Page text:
Cruise ship AdobeStock Ruth P. PetekinThe ABTA Holiday Habits survey has found that cruise consumers are continuing to diversity and more consumers are taking solo trips, with an increase in almost all age demographics. 

Cruise holidays are gaining in popularity with younger travellers - the survey found that 12% of 18-34-year-olds are looking to go on a cruise in the next 12 months, up from 11% of 18-24-year-olds in 2017 and 9% of 25-34-year-olds in the same timeframe. 53% of 18-24-year-olds surveyed told ABTA they are interested in taking a cruise but have not done so previously, a 3% increase from 2017. In the 25-34 age group, the figure stood at 45% in this year's survey.

In the past 12 months, 8% of respondents had been on a cruise, a 1% increase from 2017, 75% had never been on a cruise and 39% said they have not been on a cruise but are interested. Of respondents who had been on a cruise, people aged 65 and over are most likely to want to take another cruise (29%).

People who have taken cruise holidays cited the quality of food and beverages and the chance to see multiple destinations as the top two attractions of cruise holidays.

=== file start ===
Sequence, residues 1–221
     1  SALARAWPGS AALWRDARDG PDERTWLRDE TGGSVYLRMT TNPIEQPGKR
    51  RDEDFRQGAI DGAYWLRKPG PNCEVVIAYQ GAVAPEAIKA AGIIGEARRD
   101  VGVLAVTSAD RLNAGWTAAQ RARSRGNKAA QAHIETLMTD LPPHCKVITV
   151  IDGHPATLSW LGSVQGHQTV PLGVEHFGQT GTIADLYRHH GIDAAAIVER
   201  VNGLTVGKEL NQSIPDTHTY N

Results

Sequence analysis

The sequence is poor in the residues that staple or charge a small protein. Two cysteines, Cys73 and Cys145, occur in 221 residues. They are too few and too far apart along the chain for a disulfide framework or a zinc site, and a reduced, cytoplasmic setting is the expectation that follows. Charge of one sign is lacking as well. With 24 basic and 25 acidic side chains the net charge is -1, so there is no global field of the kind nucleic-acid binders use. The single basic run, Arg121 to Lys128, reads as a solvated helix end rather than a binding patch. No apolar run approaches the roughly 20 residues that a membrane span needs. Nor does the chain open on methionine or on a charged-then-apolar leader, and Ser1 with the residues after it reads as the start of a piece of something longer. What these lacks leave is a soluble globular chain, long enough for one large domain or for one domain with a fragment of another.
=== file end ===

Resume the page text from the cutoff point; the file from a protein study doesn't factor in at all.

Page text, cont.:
Meanwhile, the ABTA survey found that 15% of respondents had chosen to go on holiday alone in the past 12 months, up from 12% in 2017 and up three-fold since 2011, when the figure stood at 6%.

Having the opportunity to do what they want was cited as the main reason for travelling alone at 76%, up 3% from 2017, and rising to 92% in the 35-44 age group.

ABTA attributed the rise in sole travel to a number of factors, including increased availability of Wi-Fi making it easier for solo travellers to keep in touch with friends and family and share holiday pictures on social media, travel apps and websites making navigating unfamiliar destinations less daunting, and the increase in options for solo travellers, such as joining group tours or taking a cruise.

The destinations favoured by solo travellers differed slightly from other holidaymakers. Asia proved particularly popular with 22% of solo travellers visiting the continent in the last 12 months compared with 15% overall. The Arctic and Antarctic also scored higher with solo travellers than the overall average at 2% compared to an overall figure of 0.8%.

Mark Tanzer, ABTA chief executive, said: "Going on holiday by yourself means you don't have to compromise on your choice of destination, your itinerary or the activities you take part in - whether they are single or just want some 'me time', people now have an incredible choice of holidays and destinations to choose from and it has become so much easier to explore the world."

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